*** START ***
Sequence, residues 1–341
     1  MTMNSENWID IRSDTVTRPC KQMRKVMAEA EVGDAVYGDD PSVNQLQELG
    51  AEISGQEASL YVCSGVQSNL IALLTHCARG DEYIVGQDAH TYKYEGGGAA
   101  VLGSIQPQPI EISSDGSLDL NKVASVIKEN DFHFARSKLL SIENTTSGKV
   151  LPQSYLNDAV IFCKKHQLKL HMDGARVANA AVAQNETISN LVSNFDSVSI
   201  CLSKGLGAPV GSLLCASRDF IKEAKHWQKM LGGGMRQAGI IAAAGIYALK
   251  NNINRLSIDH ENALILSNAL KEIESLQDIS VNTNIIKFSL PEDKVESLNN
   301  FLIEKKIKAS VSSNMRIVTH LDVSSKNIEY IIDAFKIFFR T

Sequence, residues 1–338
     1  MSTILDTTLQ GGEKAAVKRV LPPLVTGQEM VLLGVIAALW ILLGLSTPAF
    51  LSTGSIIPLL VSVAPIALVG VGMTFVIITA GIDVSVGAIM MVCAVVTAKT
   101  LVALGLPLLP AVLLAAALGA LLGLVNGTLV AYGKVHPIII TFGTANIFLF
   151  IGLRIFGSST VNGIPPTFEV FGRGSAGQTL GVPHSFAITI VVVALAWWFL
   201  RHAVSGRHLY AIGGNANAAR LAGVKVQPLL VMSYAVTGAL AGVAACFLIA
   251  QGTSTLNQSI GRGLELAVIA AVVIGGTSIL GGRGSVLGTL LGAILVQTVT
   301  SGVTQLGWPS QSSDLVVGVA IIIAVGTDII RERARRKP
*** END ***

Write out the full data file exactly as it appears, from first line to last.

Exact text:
Sequence, residues 1–341
     1  MTMNSENWID IRSDTVTRPC KQMRKVMAEA EVGDAVYGDD PSVNQLQELG
    51  AEISGQEASL YVCSGVQSNL IALLTHCARG DEYIVGQDAH TYKYEGGGAA
   101  VLGSIQPQPI EISSDGSLDL NKVASVIKEN DFHFARSKLL SIENTTSGKV
   151  LPQSYLNDAV IFCKKHQLKL HMDGARVANA AVAQNETISN LVSNFDSVSI
   201  CLSKGLGAPV GSLLCASRDF IKEAKHWQKM LGGGMRQAGI IAAAGIYALK
   251  NNINRLSIDH ENALILSNAL KEIESLQDIS VNTNIIKFSL PEDKVESLNN
   301  FLIEKKIKAS VSSNMRIVTH LDVSSKNIEY IIDAFKIFFR T

Sequence, residues 1–338
     1  MSTILDTTLQ GGEKAAVKRV LPPLVTGQEM VLLGVIAALW ILLGLSTPAF
    51  LSTGSIIPLL VSVAPIALVG VGMTFVIITA GIDVSVGAIM MVCAVVTAKT
   101  LVALGLPLLP AVLLAAALGA LLGLVNGTLV AYGKVHPIII TFGTANIFLF
   151  IGLRIFGSST VNGIPPTFEV FGRGSAGQTL GVPHSFAITI VVVALAWWFL
   201  RHAVSGRHLY AIGGNANAAR LAGVKVQPLL VMSYAVTGAL AGVAACFLIA
   251  QGTSTLNQSI GRGLELAVIA AVVIGGTSIL GGRGSVLGTL LGAILVQTVT
   301  SGVTQLGWPS QSSDLVVGVA IIIAVGTDII RERARRKP